• Jason McCarty

When Things Are Going Well

Although there are many great aspects to psychology and psychotherapy, one pitfall is that sometimes we can get too focused on problem solving.  This can sometimes keep us stuck in only seeing the world as problems to be solved.  For a lot of the time in therapy this is necessary otherwise people would not really need to come in, but it is also important to discuss when things are going well.

The problems in one’s life take up a lot of “attention,” if you will, but they do not paint a full picture of one’s life.  Most of the time people are doing many things well, living a life they feel good about.  There are usually many areas they feel confident in, proud of, and satisfied about.  But when problems enter our lives it’s like all of a sudden that’s all we can see!  Then, those problems begin to define us: I’m an alcoholic; I’m depressed; I have such and such disorder; I live with pain; and on goes the list.  These are difficult yes, but do they paint a full picture of who you are?  Are they an honest assessment of your abilities and accomplishments?

In some ways we are getting to a half glass empty/half full type of discussion.  I’m encouraging us here to have balance in where we put our attention.  If we are always focused on our problems, we will always have problems.  If we focus on our strengths and on things we are doing well, we will have a more realistic portrayal of our lives.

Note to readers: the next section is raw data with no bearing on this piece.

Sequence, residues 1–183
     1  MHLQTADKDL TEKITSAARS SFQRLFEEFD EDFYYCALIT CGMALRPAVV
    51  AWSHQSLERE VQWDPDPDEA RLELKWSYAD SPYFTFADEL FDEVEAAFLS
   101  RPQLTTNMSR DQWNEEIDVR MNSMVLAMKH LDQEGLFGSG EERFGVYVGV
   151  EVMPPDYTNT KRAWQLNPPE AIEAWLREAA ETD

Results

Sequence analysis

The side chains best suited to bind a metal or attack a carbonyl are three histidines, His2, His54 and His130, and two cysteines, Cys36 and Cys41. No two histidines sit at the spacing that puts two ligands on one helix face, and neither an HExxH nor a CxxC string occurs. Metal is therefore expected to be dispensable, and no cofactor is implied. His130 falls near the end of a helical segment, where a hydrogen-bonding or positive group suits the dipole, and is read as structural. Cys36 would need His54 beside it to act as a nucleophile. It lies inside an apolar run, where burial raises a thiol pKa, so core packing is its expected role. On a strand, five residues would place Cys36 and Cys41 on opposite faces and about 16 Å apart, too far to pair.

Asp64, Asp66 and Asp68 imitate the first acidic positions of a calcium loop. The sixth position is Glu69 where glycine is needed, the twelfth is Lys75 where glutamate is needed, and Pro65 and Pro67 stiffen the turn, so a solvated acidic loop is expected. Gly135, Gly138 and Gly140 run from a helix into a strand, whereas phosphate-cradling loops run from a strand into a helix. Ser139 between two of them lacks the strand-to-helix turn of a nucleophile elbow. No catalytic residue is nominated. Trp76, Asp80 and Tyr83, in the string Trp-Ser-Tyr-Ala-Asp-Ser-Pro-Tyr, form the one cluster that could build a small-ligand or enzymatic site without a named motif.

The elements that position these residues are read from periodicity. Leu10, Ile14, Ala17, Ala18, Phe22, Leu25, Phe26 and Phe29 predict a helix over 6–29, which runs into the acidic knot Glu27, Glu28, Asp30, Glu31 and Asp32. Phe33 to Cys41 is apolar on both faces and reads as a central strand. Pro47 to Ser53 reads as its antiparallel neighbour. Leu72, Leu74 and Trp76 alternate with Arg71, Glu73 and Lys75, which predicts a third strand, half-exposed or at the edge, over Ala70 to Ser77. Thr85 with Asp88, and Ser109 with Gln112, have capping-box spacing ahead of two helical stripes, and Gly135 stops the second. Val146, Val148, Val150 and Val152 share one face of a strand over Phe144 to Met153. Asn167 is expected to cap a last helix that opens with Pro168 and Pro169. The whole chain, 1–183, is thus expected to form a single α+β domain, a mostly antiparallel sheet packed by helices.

So this brings me to the broader idea of when things are going well in one’s life – when the problems seem minor or not there at all.  What is this like?  How do you know when you are there?  What is going on in your life when things are going well?  What helps that along? Sometimes my clients and I should be talking more about what they do well so that we are balancing where we put our attention.  Always talking about problems only perpetuates a problem-focused life.

There is a theory of psychotherapy called Solution Focused Therapy that takes this approach.  I believe they look too much at the strengths and lose perspective in the other direction, but at least they are attempting to see one’s strengths.  Positive Psychology is another field that has studied when people are happy, when things are going well, in order to help others do the same.  Again, I believe this area of study loses perspective on real life problems, but they have done a lot of great work in understanding happiness and a more positive attention.  Balance.  What we need in all areas of our lives is balance and perspective.  We need to alternate back and forth between bringing our attention to the top and bottom parts of the glass.  Both are true.

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© 2020 by Jason McCarty, MA, CCC